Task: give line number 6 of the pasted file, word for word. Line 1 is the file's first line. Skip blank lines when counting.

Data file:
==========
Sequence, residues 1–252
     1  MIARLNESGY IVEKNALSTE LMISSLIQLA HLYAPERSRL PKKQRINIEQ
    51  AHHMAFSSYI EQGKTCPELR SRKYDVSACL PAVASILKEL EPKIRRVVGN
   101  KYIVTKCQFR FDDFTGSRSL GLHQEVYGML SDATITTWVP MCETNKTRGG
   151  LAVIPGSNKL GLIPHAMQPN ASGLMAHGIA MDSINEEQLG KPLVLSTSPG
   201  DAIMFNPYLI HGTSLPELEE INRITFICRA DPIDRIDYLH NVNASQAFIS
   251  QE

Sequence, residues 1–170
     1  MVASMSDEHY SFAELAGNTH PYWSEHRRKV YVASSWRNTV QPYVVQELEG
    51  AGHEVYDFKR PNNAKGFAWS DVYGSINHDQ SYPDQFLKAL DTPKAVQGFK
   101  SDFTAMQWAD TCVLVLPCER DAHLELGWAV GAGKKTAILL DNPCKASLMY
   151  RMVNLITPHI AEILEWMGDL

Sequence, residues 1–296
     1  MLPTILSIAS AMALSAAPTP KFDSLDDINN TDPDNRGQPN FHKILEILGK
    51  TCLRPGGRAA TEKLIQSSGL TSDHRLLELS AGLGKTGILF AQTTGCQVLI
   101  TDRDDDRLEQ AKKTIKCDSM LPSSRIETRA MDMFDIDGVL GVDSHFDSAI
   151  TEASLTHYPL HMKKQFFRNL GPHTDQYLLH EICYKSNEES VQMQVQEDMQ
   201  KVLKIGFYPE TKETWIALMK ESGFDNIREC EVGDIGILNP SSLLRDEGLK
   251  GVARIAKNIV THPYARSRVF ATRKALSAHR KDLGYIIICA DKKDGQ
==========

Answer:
   201  DAIMFNPYLI HGTSLPELEE INRITFICRA DPIDRIDYLH NVNASQAFIS